Gabon Coup Attempt: What Happened and Will American Troops Based There Intervene?

The government of Gabon said it had dealt with a coup attempt by junior officers in the early hours of Monday morning, amid speculation that U.S. troops based in the West African nation might be drawn into a civil conflict.

The government said it had arrested the junior army officers who attempted the coup, and had regainted control of state broadcasting offices. Earlier a soldier, who identified himself as Lieutenant Obiang Ondo Kelly, announced the military had seized control of the country broadcasting from the offices, The Associated Press reported.

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The coup attempt followed earlier reports that the White House had ordered 80 combat-equipped military personnel to Gabon. According to Stars and Stripes, the troops were sent to the nation on Africa's Atlantic coast over fears of violence in the neighboring Democratic Republic of Congo, rather than in Gabon itself.

In the wake of the coup attempt, the focus of U.S. forces in the country will remain on the Democratic Republic of Congo, where upcoming elections could spark clashes that endanger U.S. diplomatic assets.

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President of Gabon Ali Bongo Ondimba speaks during the 2018 Illegal Wildlife Trade Conference at on October 11, in London. Forces loyal to his government are out on the streets of Libreville after an attempted coup Chris Jackson/Getty Images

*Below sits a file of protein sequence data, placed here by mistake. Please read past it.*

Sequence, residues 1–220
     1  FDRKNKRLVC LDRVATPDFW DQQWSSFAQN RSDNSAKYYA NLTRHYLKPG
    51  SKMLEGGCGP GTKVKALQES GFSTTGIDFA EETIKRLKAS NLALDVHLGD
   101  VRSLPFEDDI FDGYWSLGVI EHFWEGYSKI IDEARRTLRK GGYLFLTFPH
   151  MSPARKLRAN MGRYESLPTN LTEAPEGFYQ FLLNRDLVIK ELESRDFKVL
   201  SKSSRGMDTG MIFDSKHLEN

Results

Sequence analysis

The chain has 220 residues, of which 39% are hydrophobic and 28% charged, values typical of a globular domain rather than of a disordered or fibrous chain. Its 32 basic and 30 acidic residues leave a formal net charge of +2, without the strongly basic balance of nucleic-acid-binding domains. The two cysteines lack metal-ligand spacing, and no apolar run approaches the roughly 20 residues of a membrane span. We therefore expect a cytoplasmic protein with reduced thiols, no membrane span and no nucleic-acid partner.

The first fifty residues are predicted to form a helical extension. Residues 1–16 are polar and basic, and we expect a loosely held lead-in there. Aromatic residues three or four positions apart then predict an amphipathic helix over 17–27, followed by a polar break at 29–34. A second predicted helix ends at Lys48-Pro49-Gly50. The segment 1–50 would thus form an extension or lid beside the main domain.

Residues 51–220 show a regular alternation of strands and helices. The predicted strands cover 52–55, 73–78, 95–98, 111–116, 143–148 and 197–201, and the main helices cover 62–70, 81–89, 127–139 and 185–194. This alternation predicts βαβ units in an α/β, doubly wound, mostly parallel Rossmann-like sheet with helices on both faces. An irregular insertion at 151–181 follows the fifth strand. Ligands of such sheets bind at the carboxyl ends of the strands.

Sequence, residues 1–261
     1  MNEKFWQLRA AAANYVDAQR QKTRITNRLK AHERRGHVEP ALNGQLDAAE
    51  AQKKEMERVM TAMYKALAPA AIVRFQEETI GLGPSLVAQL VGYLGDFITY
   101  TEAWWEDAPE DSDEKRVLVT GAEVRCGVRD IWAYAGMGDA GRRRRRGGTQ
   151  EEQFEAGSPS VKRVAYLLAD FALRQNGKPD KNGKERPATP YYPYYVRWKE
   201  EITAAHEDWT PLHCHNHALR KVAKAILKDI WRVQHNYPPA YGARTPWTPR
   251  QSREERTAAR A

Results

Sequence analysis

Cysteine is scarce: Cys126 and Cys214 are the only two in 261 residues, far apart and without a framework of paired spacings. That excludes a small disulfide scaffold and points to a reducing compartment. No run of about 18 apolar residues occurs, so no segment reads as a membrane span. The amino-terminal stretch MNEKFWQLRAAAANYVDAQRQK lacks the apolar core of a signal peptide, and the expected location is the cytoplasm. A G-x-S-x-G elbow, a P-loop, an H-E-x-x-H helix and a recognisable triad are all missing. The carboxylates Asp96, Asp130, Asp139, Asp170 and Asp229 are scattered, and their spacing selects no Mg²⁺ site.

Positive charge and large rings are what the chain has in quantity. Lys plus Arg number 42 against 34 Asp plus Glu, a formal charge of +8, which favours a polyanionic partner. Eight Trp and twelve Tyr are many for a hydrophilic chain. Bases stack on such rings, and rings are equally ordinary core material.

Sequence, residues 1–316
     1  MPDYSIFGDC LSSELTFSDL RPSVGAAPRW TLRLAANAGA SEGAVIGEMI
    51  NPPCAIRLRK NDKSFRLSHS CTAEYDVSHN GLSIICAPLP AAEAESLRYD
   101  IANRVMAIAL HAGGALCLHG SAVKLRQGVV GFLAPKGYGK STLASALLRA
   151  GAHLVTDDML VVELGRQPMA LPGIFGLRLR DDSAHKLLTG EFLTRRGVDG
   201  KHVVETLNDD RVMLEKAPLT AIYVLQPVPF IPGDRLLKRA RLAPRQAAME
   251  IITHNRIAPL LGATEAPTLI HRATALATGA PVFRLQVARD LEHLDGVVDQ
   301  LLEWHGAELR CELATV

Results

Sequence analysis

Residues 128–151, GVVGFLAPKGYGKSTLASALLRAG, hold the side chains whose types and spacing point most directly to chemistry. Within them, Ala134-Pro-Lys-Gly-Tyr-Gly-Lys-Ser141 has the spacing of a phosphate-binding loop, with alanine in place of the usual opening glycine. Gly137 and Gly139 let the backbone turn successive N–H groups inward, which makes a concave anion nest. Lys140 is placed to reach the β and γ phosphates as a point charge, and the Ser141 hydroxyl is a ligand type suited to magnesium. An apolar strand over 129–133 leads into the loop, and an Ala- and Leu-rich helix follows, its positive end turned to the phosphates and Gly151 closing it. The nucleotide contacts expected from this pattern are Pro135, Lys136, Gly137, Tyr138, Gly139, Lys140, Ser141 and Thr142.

"At this time there is no change in the status of our forces in Gabon," United States Africa Command (AFRICOM) spokesman John Manley said Monday. No U.S. troops in Gabon have been diverted to secure diplomatic buildings in the country itself, he added.

Despite instability in recent years, Gabon has remained a crucial U.S. ally. It serves as a staging ground for troops required to secure diplomatic facilities in the broader region.

In the White House's letter to House Speaker Nancy Pelosi regarding deployment in Gabon, President Donald Trump wrote troops "will remain in the region until the security situation in the Democratic Republic of the Congo becomes such that their presence is no longer needed."

A curfew remains in place over Gabon's capital Libreville, where forces loyal to President Ali Bongo patrol the streets. Bongo, who has held power in Gabon since 2009, addressed the country in a televised message over the New Year from Morocco, where he is receiving medical treatment.

The 59-year-old Bongo, whose father ruled Gabon for decades before him, acknowledged his health problems in a New Year's speech but said he had overcome them.

Bongo narrowly won re-election in a 2016 poll in which his rival, Jean Ping, carried the reformist vote. Ping continues to contest the election result, calling himself the country's real president.

Gabon Coup Attempt: What Happened and Will American Troops Based There Intervene? | World